Employees who have a share in the company naturally have higher motivation and loyalty, as their performance is also indirectly reflected in the value of their share. In this way, ESOPs can contribute to better results and faster growth of a start-up.

2. Attraction and retention of talents.

In a competitive start-up environment, it is important to attract and retain talented employees. An ESOP is considered as one of the most effective methods to attract and retain talented employees, especially in the competitive environment of start-ups. It offers potential employees the opportunity to gain a share in the company's growth, which may be more attractive to many than a high salary or traditional benefits. 

At the same time, ESOPs provide long-term employees’ interest in the company, as they often contain terms that restrict the sale of shares or the exercise of options until a certain time. This means that employees have a strong incentive to stay with the company and contribute to its growth.

3. Attractive compensation and improved cash flow

For start-ups with limited funds, ESOPs can be an attractive form of compensation that does not require an immediate financial expense. As ESOPs often include options that are exercisable only after certain conditions are met, this can help start-ups keep their cash flow under control. 

An ESOP also enables to offer attractive financial remuneration in the form of shares, which is often less costly than increasing wage costs. Employees are thus offered a success of the company, which is linked to the sale of the entire company (so-called exit) within which they will receive the proceeds from the sale, thus compensating them for the lower remuneration they received when joining the company.

4. Increased attractiveness for investors

Companies with well-designed and managed ESOPs may also be more attractive to investors because they show the management's commitment to employees and their long-term success. Investors often see ESOPs as a sign of a sound company culture where employees are motivated and loyal. This attractiveness to investors can help raise additional capital and improve financing conditions. For these reasons, an ESOP implementation in a company is often the main requirement of an investor entering a start-up.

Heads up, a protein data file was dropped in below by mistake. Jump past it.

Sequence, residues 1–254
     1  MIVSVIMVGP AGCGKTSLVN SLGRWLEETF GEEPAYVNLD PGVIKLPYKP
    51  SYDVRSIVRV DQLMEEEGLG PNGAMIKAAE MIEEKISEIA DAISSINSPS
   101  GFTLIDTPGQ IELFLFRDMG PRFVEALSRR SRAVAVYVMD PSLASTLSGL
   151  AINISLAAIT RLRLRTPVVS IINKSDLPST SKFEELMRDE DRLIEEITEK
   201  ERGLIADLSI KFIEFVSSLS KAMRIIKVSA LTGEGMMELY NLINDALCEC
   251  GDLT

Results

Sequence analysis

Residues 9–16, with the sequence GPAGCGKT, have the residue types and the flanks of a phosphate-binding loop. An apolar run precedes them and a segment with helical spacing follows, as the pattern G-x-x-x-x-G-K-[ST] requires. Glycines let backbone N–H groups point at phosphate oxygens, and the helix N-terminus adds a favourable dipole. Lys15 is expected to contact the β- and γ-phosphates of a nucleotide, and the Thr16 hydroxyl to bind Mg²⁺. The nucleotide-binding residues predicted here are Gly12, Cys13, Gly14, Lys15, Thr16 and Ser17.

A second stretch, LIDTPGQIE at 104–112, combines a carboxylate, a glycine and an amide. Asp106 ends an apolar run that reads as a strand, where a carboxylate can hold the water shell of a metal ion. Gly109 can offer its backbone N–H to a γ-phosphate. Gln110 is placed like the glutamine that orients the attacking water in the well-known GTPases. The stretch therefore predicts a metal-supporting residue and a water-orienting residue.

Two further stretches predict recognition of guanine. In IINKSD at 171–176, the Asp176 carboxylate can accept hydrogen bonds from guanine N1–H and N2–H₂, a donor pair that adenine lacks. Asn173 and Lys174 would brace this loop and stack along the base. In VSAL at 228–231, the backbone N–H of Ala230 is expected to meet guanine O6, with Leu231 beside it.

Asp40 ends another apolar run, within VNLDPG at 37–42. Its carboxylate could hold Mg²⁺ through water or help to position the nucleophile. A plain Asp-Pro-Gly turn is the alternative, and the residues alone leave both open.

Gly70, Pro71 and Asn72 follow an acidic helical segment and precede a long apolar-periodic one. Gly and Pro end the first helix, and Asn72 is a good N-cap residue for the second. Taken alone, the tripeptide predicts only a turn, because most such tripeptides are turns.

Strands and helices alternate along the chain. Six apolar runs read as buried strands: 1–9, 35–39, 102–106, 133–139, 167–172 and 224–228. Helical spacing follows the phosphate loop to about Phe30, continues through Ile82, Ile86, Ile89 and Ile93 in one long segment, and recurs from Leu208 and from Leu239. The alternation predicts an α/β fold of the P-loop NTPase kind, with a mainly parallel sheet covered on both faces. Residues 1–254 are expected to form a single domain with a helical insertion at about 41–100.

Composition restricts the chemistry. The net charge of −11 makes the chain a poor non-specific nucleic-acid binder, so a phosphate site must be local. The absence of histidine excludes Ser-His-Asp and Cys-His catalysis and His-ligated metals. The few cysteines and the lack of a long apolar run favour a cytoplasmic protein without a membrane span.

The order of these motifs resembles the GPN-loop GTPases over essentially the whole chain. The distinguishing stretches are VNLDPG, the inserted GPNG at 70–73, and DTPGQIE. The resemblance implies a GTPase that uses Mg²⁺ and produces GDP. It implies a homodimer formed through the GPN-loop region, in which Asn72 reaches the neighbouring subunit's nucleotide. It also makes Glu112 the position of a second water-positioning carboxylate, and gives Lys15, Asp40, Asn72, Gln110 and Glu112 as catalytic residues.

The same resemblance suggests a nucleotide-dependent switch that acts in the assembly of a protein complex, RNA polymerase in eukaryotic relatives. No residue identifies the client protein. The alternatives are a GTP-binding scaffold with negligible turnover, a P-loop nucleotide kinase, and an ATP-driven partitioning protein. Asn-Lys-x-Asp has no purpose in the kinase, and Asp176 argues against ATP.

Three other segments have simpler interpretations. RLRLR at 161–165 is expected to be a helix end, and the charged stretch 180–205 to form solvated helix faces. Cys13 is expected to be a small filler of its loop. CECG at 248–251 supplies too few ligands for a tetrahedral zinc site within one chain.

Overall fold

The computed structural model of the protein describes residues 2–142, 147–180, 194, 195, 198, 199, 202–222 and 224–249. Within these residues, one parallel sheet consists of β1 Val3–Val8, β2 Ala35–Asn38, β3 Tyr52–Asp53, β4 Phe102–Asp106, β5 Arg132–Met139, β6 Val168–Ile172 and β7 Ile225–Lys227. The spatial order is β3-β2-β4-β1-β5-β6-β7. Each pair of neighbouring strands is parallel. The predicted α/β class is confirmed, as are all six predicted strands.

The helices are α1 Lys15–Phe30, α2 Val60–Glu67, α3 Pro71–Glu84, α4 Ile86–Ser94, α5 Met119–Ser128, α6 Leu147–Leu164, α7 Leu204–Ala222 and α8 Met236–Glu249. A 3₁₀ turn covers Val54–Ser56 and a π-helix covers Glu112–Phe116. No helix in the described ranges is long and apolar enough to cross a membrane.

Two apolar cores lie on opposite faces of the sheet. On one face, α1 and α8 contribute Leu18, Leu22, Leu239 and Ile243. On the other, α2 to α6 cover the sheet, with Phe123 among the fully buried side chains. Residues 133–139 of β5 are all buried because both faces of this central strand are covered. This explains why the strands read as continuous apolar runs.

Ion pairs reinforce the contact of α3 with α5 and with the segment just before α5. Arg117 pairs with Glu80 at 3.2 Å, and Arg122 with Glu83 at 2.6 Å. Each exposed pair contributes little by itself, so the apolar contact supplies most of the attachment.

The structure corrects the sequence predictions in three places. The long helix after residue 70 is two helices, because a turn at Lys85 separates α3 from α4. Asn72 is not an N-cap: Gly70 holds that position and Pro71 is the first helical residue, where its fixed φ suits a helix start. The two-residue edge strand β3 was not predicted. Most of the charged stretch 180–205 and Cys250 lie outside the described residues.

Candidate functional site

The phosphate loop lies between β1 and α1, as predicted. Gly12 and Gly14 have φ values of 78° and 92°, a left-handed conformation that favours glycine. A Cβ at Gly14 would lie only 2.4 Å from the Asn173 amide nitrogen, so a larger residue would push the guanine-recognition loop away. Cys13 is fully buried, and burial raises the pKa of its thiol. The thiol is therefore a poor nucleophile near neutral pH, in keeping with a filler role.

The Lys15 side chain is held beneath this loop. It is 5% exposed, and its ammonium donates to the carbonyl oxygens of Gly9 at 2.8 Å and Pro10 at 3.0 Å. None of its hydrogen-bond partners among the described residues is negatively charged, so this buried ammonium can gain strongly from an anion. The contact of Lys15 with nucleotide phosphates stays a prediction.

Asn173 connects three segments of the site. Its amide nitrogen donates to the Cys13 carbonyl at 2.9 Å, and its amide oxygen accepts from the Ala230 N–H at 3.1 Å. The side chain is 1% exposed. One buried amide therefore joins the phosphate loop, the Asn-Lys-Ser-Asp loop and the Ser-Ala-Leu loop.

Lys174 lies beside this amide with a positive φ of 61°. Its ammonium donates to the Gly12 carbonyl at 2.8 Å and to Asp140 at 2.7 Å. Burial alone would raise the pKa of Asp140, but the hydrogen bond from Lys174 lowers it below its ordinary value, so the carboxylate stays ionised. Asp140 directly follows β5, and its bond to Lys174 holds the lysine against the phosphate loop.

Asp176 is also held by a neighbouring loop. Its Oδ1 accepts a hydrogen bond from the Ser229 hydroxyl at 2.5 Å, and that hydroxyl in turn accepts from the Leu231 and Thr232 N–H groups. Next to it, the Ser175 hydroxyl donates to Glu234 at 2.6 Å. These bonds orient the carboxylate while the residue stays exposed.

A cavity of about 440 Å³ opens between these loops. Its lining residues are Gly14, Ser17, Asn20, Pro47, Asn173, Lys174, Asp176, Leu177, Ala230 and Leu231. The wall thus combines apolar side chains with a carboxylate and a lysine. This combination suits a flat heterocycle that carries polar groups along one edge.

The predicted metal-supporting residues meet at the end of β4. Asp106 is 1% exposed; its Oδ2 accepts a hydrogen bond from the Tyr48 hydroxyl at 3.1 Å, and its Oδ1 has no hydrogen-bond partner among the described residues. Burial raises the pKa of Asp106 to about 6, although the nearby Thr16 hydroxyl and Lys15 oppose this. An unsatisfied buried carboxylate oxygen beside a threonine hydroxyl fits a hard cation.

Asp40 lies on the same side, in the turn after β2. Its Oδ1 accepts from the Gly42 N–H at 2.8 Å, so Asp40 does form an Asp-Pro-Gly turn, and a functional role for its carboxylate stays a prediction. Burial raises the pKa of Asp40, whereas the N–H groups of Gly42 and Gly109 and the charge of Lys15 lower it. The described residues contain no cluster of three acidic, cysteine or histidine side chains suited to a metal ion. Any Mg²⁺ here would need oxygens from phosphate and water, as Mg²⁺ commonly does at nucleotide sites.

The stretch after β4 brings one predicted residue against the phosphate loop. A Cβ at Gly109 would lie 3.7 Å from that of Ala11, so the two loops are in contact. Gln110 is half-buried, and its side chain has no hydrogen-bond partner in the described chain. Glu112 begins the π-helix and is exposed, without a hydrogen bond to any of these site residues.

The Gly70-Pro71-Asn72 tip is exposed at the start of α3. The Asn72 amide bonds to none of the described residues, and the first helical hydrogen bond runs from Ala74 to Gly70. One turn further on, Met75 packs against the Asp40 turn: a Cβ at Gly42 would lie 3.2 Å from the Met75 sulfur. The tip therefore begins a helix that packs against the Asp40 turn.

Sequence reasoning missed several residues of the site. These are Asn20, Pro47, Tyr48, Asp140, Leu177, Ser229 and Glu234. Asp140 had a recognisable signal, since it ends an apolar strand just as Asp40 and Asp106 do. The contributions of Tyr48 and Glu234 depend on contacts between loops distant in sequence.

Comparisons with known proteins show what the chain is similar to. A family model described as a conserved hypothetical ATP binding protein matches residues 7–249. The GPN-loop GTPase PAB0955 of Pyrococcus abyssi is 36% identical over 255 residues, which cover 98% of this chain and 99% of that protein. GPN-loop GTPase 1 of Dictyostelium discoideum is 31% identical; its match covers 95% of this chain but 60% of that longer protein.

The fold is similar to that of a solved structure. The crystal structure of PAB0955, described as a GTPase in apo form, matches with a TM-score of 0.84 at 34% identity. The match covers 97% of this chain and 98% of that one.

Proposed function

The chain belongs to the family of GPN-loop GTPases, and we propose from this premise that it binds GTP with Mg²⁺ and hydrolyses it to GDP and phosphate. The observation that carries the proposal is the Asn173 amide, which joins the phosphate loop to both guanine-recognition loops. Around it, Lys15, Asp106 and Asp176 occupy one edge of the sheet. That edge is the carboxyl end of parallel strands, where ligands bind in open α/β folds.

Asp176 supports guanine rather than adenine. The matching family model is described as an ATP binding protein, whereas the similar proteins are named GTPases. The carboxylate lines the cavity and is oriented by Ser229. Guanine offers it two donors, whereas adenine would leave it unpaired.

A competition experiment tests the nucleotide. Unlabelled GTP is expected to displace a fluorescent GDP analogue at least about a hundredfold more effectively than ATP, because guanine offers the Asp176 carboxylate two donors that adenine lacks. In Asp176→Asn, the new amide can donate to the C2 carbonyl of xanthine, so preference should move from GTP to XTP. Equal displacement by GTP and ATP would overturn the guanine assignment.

5. Accelerating company growth

By setting the right parameters of ESOPs and motivating employees, the company can achieve starting up the business and its growth.

6. Tax benefits

Certain forms of ESOPs, when set up correctly, can offer tax benefits for both employers and employees. Tax reliefs and benefits vary by jurisdiction, but may include income tax reduction, tax deferral or capital gains tax reduction. These tax benefits can be attractive to both employees and employers and can contribute to the success of an ESOP.

Whom should we grant an ESOP?

When implementing an ESOP in the company, it is important to correctly identify the key employees and associates who should receive this form of reward. At the same time, it is important what stage the start-up is in and what fields need to be occupied at a given moment. These stages can be broken down as follows:

  1. Bootstrap, pre-seed, seed stage - at this stage, employees with business knowledge in a given field, IT developers and product managers are essential. These experts are responsible for product development, testing and optimization. 
  2. Series A, B stages - at these stages the marketing, sales and expansion departments are important. Employees focus on customer acquisition, building brand awareness and expanding the business into new markets.
  3. Start-up growth stage - at this stage, the start-up typically shifts to a performance-based approach, where the best employees are selected based on their performance. The management focuses on process improvement, efficiency, and profit maximization.


In today's post, we defined what ESOP means in general, what benefits it has for start-ups and employees, and when we should use it. In the next post, we'll look at the basic forms of ESOPs, define the important institutes and tools you'll encounter when structuring these ESOPs, and explore the standard parameters applicable in the Czech Republic.